Flat-Rate Billing Mutually Benefits Law Firms & Clients
Businesses of all sizes consistently have a decision to make when they need specialized, professional services: Do they do the work in-house or outsource it?
If they decide to outsource, questions then turn to cost, and how the service provider will charge for its help.
While law firms are known for charging by the hour, our Florida-based bond finance law firm, Bryant Miller Olive, has instead found success by focusing on retainer or flat-fee billing.
As companies look to be more efficient in how they pay for such services as legal, accounting and information technology, BMO’s flat-fee model is worth considering, because it benefits both the client and the law firm’s professional staff.
Law firms long have been known for billing based on the number of hours worked each month. For the firm to reach its financial goals, lawyers must work a certain number of hours. In some cases, this unintentionally prioritizes hours worked over quality of work. In the worst cases, this encourages a lawyer to get creative about finding more hours to hit a monthly quota.
In short, billing by the hour can make firm’s goals conflict directly with a client’s goals.
From the beginning, BMO’s founders encouraged clients to use fixed-fee arrangements instead. With this approach, our staff can focus on providing service to clients that’s tied to specific deliverables that fit the circumstances of the project. This prevents overbilling, provides budgeting predictability for both sides, and aligns the lawyer’s and client’s goals.
Some months, clients get more of our time than they paid for, and some months, it might go the other way. However, we generally find that it evens out over the course of the contract.
The billable hour structure has also been known to discourage lawyers from seeking advice from their colleagues for fear of exceeding a client’s budget. Imagine, for example, that your company has decided to work with one of a law firm’s junior lawyers because the work seems straightforward. But three months into the project, the project takes an unexpected twist. Should the junior lawyer blow the month’s budget on a conversation with some of the partners and bill you for the overage? Or should the lawyer just keep his or her head down and hope for the best?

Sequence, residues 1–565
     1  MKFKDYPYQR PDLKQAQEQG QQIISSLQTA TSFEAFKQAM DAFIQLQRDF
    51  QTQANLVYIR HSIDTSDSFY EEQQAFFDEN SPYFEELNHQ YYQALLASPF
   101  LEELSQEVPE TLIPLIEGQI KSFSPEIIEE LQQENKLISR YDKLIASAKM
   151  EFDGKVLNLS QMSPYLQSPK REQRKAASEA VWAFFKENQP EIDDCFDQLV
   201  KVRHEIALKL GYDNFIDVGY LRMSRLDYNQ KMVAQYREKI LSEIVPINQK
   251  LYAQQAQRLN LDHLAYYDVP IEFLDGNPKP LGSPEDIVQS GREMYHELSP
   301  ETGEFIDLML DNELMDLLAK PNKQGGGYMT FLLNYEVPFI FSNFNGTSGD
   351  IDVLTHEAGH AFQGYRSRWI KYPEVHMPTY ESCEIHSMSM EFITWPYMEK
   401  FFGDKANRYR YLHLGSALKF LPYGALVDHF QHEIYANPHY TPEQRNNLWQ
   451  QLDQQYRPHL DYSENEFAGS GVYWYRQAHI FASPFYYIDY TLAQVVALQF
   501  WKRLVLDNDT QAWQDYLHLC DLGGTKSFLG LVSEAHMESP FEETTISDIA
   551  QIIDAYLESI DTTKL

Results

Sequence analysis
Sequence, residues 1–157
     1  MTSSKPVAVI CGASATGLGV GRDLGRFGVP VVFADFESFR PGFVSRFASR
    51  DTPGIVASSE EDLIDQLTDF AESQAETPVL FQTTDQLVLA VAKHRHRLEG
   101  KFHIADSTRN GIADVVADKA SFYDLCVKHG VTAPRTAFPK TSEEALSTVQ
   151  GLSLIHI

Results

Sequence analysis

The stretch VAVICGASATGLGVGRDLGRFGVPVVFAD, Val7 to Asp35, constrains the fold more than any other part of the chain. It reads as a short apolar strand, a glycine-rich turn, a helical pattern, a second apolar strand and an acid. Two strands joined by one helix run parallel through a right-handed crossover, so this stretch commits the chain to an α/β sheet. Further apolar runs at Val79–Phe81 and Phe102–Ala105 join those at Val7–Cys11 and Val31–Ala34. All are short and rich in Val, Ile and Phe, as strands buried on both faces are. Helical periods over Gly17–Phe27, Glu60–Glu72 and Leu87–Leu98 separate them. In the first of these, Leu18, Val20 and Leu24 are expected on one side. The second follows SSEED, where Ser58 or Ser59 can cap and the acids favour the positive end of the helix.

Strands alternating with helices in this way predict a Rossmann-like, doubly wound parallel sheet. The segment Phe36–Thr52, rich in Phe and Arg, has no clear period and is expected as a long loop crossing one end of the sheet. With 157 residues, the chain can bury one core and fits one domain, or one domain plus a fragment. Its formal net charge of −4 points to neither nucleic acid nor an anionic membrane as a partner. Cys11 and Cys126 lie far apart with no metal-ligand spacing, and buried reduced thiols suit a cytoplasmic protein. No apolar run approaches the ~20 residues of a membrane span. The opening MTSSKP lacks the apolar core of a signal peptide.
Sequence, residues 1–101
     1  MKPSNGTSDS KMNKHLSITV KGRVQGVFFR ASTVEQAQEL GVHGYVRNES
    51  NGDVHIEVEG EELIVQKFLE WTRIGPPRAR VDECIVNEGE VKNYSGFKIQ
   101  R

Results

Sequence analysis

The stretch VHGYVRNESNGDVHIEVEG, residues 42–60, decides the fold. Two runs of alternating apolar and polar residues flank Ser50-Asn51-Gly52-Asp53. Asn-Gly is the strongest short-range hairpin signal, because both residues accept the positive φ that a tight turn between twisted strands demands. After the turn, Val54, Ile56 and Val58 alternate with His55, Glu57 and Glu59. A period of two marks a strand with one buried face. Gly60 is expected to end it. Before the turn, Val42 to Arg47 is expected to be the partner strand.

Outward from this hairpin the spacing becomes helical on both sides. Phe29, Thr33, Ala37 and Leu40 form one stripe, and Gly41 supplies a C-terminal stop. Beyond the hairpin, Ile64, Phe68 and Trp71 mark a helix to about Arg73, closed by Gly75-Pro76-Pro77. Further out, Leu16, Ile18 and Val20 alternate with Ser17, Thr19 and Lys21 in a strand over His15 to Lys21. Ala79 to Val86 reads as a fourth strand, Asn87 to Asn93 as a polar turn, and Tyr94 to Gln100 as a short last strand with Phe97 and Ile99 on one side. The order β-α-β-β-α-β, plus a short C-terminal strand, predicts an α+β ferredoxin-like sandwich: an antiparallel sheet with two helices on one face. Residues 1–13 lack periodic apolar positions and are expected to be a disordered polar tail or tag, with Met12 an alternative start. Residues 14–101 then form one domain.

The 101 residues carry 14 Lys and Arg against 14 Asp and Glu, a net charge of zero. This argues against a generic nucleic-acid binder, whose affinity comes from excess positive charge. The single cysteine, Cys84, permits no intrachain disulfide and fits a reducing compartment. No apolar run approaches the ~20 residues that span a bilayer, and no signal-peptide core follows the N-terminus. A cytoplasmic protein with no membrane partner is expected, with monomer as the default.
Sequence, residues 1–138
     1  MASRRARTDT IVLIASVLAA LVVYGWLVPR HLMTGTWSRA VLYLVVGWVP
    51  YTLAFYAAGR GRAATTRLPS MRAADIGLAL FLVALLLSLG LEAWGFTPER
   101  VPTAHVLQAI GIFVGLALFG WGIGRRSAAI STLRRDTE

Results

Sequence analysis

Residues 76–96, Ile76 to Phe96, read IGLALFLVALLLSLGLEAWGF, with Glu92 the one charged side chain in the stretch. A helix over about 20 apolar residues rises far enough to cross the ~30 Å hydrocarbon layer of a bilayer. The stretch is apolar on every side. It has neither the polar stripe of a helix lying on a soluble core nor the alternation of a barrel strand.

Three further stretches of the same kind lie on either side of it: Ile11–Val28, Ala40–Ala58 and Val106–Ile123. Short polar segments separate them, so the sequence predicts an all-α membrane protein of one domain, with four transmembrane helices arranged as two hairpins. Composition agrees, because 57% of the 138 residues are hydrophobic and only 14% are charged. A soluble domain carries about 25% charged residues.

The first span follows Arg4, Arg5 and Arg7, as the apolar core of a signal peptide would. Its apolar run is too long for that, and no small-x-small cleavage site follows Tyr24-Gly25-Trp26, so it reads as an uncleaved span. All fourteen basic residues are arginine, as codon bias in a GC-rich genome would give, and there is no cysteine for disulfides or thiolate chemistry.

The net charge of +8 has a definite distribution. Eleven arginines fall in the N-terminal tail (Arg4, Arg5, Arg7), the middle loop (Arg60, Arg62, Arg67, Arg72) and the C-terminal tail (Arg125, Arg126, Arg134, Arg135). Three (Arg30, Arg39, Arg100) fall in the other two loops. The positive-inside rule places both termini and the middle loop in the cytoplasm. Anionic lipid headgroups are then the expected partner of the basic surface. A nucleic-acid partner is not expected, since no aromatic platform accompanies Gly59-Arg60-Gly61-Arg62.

Neither option is appealing, considering the goal is to have a relationship that works for both the company and the law firm.
Operating on a fixed-fee structure allows a law firm’s associates to lean on one another. In turn, this ensures that clients benefit from the entire firm’s expertise, while helping junior professionals develop by working with senior colleagues. At BMO, this approach helps break down silos and fosters a team atmosphere as lawyers work together for clients.
Another consideration: In our demanding 24/7 work world, wouldn’t it be nice to help your firm achieve work-life balance amid never-ending texts, calls and tweets?
While technology can be wonderful, it also creates an expectation of constant availability. Despite carrying their cellphones everywhere, many of our lawyers actually cite the flat-fee approach as the driving force behind their ability to maintain a work-life balance.
To be sure, charging a flat fee might not work in every situation. But we have found that billing this way is a winning formula for our clients and our staff. ♦
Grace Dunlap is the Tampa-based managing shareholder of Bryant Miller Olive, which represents governments, businesses and agencies in legal matters relating to public finance, state and local government law, complex transactions, project finance and litigation.